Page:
A New Jersey cop threatened to knock two men unconscious and sic his 90-pound police dog on them during a traffic stop, saying the animal would “rip the f–k” out of them if they didn’t comply with his orders, dramatic new video shows.
The footage, obtained Tuesday by NJ.com, shows Atlantic City Police Officer Andrew Jaques unleashing a verbal barrage on driver Antoine Jones, 22, and passenger Brian Wilson, 21, after another officer pulled over their 2001 Saturn on Feb. 14, 2007.
Jaques then allegedly “pulled up to the scene like a lunatic,” according to an ongoing federal civil rights lawsuit alleging racial profiling, illegal search and false imprisonment. Wilson then started recording the interaction with his cellphone, leading Jaques to reach into the car and snatch the device away, the lawsuit claims.
But Jones kept recording the encounter as Wilson told Jaques that he wasn’t trying to give the officer a hard time, video shows.
“Brian, listen — there’s two ways that this could go,” Jaques continued. “Take that phone and stick it out of my face. I’m not going to tell you again. Listen, my camera is on, so don’t worry about it.”
Wilson then asked for his cellphone back while questioning why he and Jones were stopped, prompting Jaques to erupt.
“I’m going to explain this one time and one time only,” the officer continued. “This is going to go two ways. You are going to act like a gentleman and I’m going to treat you like a gentleman. You frog the f–k up, I guarantee you that 90-pound dog is going to come out and rip the f–k out of you.”
Jaques then threatened to leave Wilson unconscious if he put his hand in the officer’s face again, an apparent reference to him recording the interaction.
“Put your hand in my face again, I’m going to knock you the f–k out,” Jaques continued. “I’m that f–king guy, you understand me? So calm the f–k down. You feel me?”
Jones then affirmed that he did, but Jaques was still not satisfied, according to the video.
“You start acting like a f–king fool, I will drag you out of this f–king window,” Jaques said. “You understand? You want to frog the f–k up, I’ve got no problem. We will step out and bang.”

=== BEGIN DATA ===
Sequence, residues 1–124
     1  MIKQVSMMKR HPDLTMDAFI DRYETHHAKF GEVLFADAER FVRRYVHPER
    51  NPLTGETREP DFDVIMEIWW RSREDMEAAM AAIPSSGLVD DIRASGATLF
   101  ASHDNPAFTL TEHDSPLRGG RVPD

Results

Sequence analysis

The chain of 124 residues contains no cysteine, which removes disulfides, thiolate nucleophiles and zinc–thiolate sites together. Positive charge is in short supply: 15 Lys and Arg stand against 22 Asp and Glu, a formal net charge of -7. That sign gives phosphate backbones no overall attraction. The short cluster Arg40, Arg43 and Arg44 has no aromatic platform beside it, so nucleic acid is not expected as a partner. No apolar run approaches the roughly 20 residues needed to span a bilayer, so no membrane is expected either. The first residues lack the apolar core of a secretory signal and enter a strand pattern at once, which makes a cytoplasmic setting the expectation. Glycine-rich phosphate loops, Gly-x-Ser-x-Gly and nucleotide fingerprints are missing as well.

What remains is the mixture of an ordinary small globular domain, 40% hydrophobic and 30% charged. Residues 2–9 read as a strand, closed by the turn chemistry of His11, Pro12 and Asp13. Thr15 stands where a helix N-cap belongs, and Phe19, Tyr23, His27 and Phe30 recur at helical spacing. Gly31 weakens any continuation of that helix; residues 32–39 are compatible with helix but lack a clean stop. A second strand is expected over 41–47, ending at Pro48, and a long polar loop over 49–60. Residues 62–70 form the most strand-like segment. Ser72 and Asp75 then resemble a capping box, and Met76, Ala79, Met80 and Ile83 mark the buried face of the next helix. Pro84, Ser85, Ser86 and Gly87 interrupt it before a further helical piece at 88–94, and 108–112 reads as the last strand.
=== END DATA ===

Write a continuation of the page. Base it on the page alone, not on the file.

The recording ends as Jaques told the men that they were “under lawful detention” and therefore forbidden from using a cellphone.
It’s unclear why Jones and Wilson were initially stopped, but they were later ordered out of the car to be searched. Jaques and another officer, Glenn Anthony Abrams Jr., also searched the car before the men were released without charge, according to the lawsuit.
The lawsuit claims that the incident depicts “standard operating procedure” for Atlantic City police officers who stop, search and harass people of color in ways that frequently lead to violence or false criminal charges.
A police spokesman declined to comment, NJ.com reports, referring questions to the city solicitor’s office, which did not return calls. A spokesman for the Atlantic City mayor also declined comment, citing ongoing litigation, according to the outlet.
Jaques, meanwhile, had been previously fired by the department in 2006, but was later reinstated by New Jersey’s Civil Service Commission, the Asbury Park Press reports.
A judge wrote in a federal court ruling in 2007 that he showed a pattern of “volatile, short-fused” behavior after a series of complaints regarding his temper or ability to “use verbal skills properly,” the newspaper reported last year.
Jaques, who retired on medical disability in the summer of 2017, now collects a monthly pension of more than $3,300, state records cited by NJ.com show.
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